Some questions have arisen in recent times as to whether sustainable investing on public companies is important as opposed to the allocation of capital to new sustainability-oriented projects in other asset classes.
Sustainable investing practices vary of course, so not all of the practices necessarily help, but a more granular look is in order, as is what corporate practices should be encouraged.
First of all, negative screening is unhelpful in general, aside from being one mechanism for raising awareness. Keep in mind first of all that the companies being negatively screened will still exist, only with arguably less responsible owners. Also, in many cases, negative screening has been a suboptimal strategy for anyone looking to maximize financial returns, combined with the fact that as of 2014, most socially responsible assets performed negative screening as a primary strategy, means that many have the perception that sustainable investing isn’t for them and may be a breach of fiduciary duty. So such negative practices have been and are an obstacle to achieving the scale necessary to have a meaningful effect.
On the other hand, you have more positive sustainable investing options such as sustainable value (Generation, Parnassus, Impax) and shareholder engagement, not to mention thematic strategies and ESG integration techniques.
Regardless of the strategy, as long as you are trying to isolate and encourage better future practice, this avoids the pitfalls of negativity and helps encourage companies to commit to better practices, creating a positive dynamic race for capital and value.
This last aspect is a critically important dimension, when one looks at what companies can and arguably need to do in the face of worsening climate change.
Companies need to innovate, such as creating and championing driverless electric transportation and other related aspects of green infrastructure. This bit is super critical, including non-public equity allocations, but public companies have a key role to play, and need to be encouraged to do so by shareholders who both choose to own them, and make clear what they expect.
Further, minimum standards and practices are what’s needed on issues from deforestation to electricity generation policies to the circularity of business, all of which shareholders need to encourage best practice with their ownership choices and their expressions to management. Active ownership and engagement become an important aspect of what is needed.Lastly, companies need to be encouraged not only to not lobby against policies that are needed such as the Clean Power Plan, but also to be encouraging global commitments to a price on carbon that transcends borders. Active ownership and the race for capital are needed to ensure that the right positive dynamic is in place where companies are rewarded for best behavior and punished when they get it wrong (VW proved that punishment is readily available).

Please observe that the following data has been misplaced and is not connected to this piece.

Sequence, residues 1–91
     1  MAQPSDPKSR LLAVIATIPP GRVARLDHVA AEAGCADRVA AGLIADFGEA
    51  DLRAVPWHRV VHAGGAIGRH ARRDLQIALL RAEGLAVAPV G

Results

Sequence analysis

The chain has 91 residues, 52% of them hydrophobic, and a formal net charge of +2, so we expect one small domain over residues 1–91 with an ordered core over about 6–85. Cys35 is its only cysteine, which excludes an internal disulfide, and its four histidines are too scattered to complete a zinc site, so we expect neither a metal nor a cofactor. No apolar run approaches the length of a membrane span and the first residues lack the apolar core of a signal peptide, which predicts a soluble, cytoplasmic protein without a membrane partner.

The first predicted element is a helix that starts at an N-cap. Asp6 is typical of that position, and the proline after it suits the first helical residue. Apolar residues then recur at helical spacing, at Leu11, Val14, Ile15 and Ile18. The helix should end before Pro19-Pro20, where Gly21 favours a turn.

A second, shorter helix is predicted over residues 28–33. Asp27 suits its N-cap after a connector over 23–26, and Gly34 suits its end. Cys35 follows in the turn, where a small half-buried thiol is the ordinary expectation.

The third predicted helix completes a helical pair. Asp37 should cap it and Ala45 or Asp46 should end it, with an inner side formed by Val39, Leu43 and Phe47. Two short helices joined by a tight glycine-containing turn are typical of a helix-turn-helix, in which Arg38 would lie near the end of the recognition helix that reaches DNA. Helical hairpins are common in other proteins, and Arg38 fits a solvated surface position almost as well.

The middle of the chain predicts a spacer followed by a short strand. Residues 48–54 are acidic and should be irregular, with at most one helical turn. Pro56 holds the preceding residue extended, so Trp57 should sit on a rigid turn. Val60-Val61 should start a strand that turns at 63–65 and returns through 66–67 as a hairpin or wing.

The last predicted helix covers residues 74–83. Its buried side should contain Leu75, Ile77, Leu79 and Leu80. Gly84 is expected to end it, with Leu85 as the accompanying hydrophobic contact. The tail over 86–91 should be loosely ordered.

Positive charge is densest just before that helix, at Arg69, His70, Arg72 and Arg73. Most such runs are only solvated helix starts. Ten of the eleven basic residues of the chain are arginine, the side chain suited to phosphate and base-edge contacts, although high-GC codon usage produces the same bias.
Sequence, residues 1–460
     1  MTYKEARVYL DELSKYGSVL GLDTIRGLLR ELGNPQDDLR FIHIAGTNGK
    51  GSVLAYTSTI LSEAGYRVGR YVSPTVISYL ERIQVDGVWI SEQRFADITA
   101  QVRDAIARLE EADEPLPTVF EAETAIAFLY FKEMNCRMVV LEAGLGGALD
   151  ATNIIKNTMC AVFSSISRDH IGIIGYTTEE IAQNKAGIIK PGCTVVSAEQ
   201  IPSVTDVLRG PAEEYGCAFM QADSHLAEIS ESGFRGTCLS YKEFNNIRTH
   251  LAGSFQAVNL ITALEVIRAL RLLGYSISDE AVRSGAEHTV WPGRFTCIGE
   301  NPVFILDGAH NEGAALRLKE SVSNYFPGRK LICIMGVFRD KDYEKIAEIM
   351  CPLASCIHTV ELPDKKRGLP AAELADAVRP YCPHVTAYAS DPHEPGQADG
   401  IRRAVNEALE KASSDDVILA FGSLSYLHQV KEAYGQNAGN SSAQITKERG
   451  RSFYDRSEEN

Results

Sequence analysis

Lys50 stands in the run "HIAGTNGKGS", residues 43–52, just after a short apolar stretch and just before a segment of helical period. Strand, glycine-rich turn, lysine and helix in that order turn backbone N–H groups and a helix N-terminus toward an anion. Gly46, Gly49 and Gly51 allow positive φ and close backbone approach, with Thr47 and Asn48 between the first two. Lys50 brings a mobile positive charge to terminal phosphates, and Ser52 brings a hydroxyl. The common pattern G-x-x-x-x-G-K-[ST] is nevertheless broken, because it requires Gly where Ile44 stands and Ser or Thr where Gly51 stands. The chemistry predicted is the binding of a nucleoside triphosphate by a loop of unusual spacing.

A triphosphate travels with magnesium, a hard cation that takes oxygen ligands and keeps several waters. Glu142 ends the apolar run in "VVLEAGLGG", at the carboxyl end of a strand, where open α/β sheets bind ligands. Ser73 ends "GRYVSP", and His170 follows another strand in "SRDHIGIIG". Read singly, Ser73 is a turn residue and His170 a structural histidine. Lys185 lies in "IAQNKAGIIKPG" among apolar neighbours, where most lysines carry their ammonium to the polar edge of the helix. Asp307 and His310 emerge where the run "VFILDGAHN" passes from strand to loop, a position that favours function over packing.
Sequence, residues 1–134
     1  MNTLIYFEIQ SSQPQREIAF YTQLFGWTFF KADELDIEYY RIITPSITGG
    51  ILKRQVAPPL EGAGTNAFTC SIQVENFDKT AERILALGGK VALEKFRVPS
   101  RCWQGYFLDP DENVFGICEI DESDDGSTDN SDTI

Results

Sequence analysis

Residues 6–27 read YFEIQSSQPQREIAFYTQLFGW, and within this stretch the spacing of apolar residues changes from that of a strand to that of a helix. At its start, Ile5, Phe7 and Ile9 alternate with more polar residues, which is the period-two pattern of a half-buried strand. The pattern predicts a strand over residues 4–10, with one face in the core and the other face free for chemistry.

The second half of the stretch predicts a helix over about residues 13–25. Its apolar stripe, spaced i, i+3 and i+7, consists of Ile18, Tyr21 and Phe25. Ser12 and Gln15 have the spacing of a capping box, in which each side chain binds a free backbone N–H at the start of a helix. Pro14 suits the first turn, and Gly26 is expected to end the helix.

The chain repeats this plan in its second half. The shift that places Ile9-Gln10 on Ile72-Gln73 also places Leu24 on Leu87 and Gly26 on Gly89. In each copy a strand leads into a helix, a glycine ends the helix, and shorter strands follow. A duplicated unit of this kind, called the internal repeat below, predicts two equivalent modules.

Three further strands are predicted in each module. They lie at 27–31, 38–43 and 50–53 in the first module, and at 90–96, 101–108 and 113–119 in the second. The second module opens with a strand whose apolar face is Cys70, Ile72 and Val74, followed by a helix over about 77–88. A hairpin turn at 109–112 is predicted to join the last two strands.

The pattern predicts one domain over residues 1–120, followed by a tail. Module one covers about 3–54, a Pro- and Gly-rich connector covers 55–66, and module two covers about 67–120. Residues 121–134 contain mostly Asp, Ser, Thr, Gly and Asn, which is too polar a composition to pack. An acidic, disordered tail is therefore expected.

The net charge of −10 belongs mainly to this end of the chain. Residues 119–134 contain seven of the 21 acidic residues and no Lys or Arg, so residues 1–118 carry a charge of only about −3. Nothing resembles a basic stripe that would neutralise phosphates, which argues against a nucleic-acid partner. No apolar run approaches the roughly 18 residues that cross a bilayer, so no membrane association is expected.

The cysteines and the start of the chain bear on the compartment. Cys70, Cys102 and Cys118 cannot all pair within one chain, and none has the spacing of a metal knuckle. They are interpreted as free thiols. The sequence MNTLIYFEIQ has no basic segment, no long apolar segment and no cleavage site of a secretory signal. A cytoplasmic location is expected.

There are five areas of global commerce where lower carbon strategies need to be scaled and those are lower carbon Electricity Generation, lower carbon Transportation, AFOLU (agriculture, deforestation, land use), better Industrial Processes/Circularity and more efficient Buildings.
In each case, public companies can and will play a critical role going forward as to what will or will not happen. Better standards and practices are needed, and companies need to proactively and positively participate in the development and encouragement of solutions in each case, whether on policy and standards development or on strategy deployment.
Picture a scenario where there is no responsible ownership of the largest public companies versus one where a majority of owners encourages necessary practices. The latter seems essential, the former is a nightmare, arguably potentially of biblical proportions.
At minimum, companies need to understand that there is a financial penalty for getting environmental and social issues wrong and it helps as well if there is a reward for making smarter choices – that in effect is how capitalism should work best.
And even if we also need action in other asset classes, public companies are worth something like $70-75trn, and they remain a critically important component of what will occur environmentally and socially going forward.
Companies are responsible for a majority of the global footprint when you include consumer use of products, so the future decisions companies make are arguably as important as how we choose to allocate future fixed income and infrastructure investments.
And sustainability itself needs a business case.
All too often we see sustainability and impact initiatives either not achieve the scale required or fail to continue in perpetuity when sufficient financial value is not generated from such efforts. The nexus of sustainability strategy and the generation of financial value remains mission critical, as does sustainable investing itself.
Cary Krosinsky is Adjunct Lecturer in International and Public Affairs at Brown University.